Tuesday Tutorials (sort of)- Wild Wreath

I lied in this title. Friends, it’s not Tuesday. In fact it’s Thursday. It’s two days past Tuesday, and yet, here is this post. To say I’m busy is a giant under statement, but I’m not going to complain here, I know you all have your stresses, especially this time of year.

Instead I’m going to just show you how to make a wreath.

If you talk to me for about 5 minutes, you probably know that I’m borderline obsessed with Design*Sponge. The wonderful online design magazine that inspires me daily with it’s ideas. One of the editors there is the incredible Amy Merrick, and someone recently pointed out to me the unbelievably gorgeous wreaths that she makes.

I tend not to like things that look too perfect, especially when it comes to things that are made out of nature. I like flower arrangements that look a bit wild, I like furniture that uses the natural shape of the wood, and, apparently, I like wreaths that look like they’re still growing a bit. Like they still have a bit of life left in them.

So here is my super easy DIY for just such a wreath. This requires no fancy equipment, just thin wild branches, some string, some scissors and some holly if you so please. I’m fond of a bit of greenery in a wreath, but I think after Christmas I’ll take that out and let it dry just as the branches. Then maybe in the spring I’ll add in something bright and green, and in the fall maybe some of the gorgeous deep red japanese maple branches that grow all over my neighbourhood.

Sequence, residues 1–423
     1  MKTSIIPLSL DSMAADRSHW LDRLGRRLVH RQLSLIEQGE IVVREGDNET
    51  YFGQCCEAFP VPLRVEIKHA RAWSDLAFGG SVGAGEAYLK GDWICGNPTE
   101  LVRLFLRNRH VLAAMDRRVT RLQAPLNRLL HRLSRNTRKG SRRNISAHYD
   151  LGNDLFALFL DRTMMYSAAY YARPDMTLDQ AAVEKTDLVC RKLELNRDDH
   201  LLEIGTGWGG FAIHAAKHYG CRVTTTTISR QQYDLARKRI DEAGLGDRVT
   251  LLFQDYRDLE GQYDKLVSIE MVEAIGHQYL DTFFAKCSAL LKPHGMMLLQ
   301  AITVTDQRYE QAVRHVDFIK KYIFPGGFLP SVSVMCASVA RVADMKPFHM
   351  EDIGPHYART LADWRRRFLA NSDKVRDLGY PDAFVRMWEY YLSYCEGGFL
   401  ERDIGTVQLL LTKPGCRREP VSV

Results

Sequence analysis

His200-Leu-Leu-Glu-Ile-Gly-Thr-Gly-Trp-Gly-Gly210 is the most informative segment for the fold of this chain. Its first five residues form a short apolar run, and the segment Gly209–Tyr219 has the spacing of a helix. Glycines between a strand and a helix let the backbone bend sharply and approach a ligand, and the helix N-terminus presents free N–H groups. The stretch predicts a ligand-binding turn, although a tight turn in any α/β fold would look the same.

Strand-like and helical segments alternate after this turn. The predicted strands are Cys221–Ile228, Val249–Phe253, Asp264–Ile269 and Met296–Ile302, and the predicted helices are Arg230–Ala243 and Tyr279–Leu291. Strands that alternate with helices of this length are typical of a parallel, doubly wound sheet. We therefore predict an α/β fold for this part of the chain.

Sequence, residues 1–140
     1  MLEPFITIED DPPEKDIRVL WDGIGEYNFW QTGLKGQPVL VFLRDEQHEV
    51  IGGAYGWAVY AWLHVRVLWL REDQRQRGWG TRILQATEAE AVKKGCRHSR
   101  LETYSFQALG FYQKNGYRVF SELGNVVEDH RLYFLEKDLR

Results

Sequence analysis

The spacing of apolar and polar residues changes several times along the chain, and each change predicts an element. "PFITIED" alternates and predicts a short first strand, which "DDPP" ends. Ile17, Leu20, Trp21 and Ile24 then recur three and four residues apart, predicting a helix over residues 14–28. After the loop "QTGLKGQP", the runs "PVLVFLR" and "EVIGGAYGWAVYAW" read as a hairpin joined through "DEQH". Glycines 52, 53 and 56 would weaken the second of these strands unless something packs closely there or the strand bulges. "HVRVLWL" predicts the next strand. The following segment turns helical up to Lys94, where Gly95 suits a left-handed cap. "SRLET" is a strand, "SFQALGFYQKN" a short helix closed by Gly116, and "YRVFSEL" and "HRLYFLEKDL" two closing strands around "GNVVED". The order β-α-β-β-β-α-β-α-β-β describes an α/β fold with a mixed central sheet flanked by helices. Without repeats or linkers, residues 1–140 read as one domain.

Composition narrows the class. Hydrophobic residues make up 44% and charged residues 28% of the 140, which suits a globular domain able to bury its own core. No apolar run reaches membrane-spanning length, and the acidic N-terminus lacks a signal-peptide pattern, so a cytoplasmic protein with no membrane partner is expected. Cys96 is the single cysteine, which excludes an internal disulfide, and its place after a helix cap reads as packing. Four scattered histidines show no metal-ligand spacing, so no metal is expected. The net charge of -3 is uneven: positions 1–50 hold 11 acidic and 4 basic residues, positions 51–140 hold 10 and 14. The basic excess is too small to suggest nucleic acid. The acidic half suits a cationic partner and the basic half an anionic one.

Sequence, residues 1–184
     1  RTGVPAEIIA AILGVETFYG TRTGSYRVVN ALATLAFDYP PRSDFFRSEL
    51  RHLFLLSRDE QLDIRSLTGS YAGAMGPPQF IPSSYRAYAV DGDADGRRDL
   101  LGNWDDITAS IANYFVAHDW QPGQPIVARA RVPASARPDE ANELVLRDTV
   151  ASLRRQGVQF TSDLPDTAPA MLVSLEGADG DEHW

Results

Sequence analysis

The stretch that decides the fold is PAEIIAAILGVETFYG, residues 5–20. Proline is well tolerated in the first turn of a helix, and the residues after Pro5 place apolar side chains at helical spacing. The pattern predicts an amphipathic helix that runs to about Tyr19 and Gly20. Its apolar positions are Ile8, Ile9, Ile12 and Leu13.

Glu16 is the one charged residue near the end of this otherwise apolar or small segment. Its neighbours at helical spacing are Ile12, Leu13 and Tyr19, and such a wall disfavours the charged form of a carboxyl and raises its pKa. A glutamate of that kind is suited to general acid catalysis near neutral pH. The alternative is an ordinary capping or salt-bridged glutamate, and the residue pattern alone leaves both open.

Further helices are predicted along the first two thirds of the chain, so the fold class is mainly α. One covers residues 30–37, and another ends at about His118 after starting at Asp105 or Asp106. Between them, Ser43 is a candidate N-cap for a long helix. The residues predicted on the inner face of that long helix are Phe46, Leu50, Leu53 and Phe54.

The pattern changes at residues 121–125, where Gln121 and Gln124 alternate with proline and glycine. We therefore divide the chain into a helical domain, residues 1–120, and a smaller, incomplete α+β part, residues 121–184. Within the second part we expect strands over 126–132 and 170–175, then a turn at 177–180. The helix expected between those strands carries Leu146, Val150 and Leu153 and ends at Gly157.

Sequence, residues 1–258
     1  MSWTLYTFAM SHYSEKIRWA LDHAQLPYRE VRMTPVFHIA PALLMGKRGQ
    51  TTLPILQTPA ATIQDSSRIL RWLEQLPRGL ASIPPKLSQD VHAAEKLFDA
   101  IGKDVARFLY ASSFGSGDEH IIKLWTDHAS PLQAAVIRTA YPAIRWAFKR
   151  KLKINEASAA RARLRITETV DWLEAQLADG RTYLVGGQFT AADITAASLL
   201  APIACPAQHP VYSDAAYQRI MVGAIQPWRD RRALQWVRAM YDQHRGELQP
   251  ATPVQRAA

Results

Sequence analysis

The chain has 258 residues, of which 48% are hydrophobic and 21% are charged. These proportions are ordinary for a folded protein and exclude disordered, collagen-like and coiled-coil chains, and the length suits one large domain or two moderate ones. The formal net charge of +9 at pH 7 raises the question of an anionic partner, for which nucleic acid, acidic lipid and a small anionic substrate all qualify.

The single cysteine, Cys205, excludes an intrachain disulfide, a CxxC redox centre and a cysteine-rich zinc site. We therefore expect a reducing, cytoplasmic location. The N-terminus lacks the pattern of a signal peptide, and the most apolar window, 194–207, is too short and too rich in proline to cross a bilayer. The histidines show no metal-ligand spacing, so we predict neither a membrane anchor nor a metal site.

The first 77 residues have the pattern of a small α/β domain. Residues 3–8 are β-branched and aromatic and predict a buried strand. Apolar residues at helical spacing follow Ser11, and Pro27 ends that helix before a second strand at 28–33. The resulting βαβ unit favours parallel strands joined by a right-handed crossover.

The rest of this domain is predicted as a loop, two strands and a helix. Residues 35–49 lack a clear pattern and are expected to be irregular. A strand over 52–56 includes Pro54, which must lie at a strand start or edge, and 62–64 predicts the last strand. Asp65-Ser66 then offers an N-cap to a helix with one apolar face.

You Will Need:

5 thin branches

2 meters of light brown string


3 branches of holly

Prep yourself by taking lots of little

Take your branches and wrap it in a large circle, and tie it to keep it there. This is much easier if someone holds them together for you, but with some McGivering you can do it without. I sat on the floor and held it together with my knees, but do what works for you. If you had clamps that would be great, but I, alas, am rarely in posession of such practical things.

Hold the wreath so that the base of the stem as at 12 o clock.

At 6 o clock tie a second branch. Then wrap that around and tie it to the previous branch. Keep doing this, attaching branches and tying them with string. Play around with where you put each piece to make it as circular as possible, but don’t get to hung up about it being perfect. This is supposed to look rustic and wild, so embrace that!

Once the branches are on and you like it, put the pieces of holly on top and arrange them as you like them, and then tie them in. It sounds like I’m rushing through these instructions but it really was that simple. Just take your time to make sure all the knots are very tight.